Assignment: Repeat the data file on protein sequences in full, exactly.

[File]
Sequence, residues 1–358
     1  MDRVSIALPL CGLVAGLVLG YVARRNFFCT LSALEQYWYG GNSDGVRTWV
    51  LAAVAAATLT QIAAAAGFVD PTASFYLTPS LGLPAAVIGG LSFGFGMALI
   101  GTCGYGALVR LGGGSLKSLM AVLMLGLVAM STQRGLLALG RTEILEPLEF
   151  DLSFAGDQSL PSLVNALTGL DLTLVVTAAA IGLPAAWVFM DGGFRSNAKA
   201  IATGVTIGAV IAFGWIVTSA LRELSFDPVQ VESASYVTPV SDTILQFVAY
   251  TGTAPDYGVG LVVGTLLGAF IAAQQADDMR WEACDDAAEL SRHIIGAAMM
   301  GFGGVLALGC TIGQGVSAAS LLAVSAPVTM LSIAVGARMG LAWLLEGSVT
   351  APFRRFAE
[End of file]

Sequence, residues 1–358
     1  MDRVSIALPL CGLVAGLVLG YVARRNFFCT LSALEQYWYG GNSDGVRTWV
    51  LAAVAAATLT QIAAAAGFVD PTASFYLTPS LGLPAAVIGG LSFGFGMALI
   101  GTCGYGALVR LGGGSLKSLM AVLMLGLVAM STQRGLLALG RTEILEPLEF
   151  DLSFAGDQSL PSLVNALTGL DLTLVVTAAA IGLPAAWVFM DGGFRSNAKA
   201  IATGVTIGAV IAFGWIVTSA LRELSFDPVQ VESASYVTPV SDTILQFVAY
   251  TGTAPDYGVG LVVGTLLGAF IAAQQADDMR WEACDDAAEL SRHIIGAAMM
   301  GFGGVLALGC TIGQGVSAAS LLAVSAPVTM LSIAVGARMG LAWLLEGSVT
   351  APFRRFAE